He was a man of the middle path that did not like confrontation, a real cornerstone and a pillar of the Ottawa community.
As Imam grew older his health deteriorated and he later moved into a Muslim apartment building where his duties diminished. He had become a frail man but kept his cheerful disposition.
Still, his apartment would have a constant flow of people coming in for all kinds of reasons. Some came to visit the sick, for advice, for guidance, to offer khidma, and for many other reasons still.
In April 1997, after years of declining health and a bout of illnesses, Imam Dr. Tawfik Muhammad Ali Shahin died.
My father was crushed when we gave him the news of Imam’s passing.
He was out of the country and deeply saddened that, despite trying to make efforts to return, he would miss the Imam’s janaza.
Before he could even instruct us to prepare for the road trip to Ottawa, my brother and I had already started preparing.
When we arrived at the Masjid – it felt so cold (despite being a warm day).
I didn’t know what to expect, but all I could remember is that when they ushered his blessed casket in from the back of the Masjid to the front, I was almost trampled by people rushing towards it to place their hands on it and invoke remembrance of the Almighty.
I had an epiphany in those few seconds: The impact and lasting impression he left on my family and I was the same impact and impression he left on so many others.
When I think back to all those times that my family enjoyed with him and all of the wonderful memories, we are comforted by the words of the Almighty “Verily the friends of Allah! No fear comes upon them, nor shall they grieve.”
Saints are the ones who are usually hidden from people.
We were fortunate to be among those who found one.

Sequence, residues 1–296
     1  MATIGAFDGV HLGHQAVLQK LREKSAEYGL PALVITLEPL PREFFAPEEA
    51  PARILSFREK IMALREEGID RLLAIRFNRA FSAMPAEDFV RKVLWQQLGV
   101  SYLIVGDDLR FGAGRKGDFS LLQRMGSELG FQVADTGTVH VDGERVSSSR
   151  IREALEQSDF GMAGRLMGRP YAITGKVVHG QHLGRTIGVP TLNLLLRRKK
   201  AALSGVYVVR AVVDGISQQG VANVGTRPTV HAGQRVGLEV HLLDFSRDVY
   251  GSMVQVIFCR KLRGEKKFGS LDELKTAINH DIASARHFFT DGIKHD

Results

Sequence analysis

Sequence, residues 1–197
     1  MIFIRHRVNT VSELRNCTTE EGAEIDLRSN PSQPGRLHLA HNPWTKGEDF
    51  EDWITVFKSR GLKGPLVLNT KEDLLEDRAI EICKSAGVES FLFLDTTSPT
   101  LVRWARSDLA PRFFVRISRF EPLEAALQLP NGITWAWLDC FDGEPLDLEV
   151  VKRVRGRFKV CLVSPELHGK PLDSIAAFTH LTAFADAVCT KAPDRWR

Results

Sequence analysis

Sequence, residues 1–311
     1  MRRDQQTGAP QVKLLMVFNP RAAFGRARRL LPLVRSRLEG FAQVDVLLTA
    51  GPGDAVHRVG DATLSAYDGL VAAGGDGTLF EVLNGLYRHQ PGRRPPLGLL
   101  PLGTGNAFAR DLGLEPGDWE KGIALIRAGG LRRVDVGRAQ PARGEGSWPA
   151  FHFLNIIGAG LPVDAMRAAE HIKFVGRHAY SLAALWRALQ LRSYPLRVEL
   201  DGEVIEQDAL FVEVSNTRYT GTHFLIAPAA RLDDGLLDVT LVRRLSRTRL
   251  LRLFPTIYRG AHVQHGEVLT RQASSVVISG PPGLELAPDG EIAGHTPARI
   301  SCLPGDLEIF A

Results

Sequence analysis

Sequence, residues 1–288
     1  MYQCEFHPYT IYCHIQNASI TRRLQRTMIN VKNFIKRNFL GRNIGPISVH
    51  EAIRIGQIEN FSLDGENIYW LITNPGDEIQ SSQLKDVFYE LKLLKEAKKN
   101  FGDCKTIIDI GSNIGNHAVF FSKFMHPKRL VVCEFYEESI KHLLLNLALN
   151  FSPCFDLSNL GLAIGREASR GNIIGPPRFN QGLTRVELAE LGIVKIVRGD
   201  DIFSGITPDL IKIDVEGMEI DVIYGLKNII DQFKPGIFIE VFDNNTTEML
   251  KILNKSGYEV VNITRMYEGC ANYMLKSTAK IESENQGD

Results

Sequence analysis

The people of Tasawwuf often say “the fact that people don’t know who the awliya are and don’t keep their company – is punishment enough”
While we all pray for the closeness and intercession of al-Mustafa (s), there is always a hope in my heart that my family and I will be under the watchful eye and caring hand of Imam, on the day when the friends of Allah will be called upon and ushered to intercede for people.
There are many other memories that I have of him, but sometimes for things to remain special they must remain private.
Whenever I’m back in my hometown I make it a point to visit the masjid.
I find it difficult to look at the pulpit now, but still muster up enough courage to approach it and place my hand on it while saying a prayer for Imam.
It’s been over 12 years now, but still I cry.
When I pass by the donation boxes in the masjid now, it is impossible for me to put a single cent in there without giving it in his name.
As I exit the Masjid main doors and look to the right, I see the house where Imam lived and recall all of those memories of Friday afternoons in Imam’s kitchen.
The Sahabas used to remark that despite being part of a crowd of dozens or hundreds of people, when the Messenger of Allah (s) spoke he made each person feel like they were the most important person in that gathering. This is how Imam made us feel.
Ya Imam, as Salamu Alaik. You are loved, remembered, missed, and never forgotten. We love you and recite Fatiha in your name.
(Photo credit: The Ottawa Citizen/Wayne Cuddington).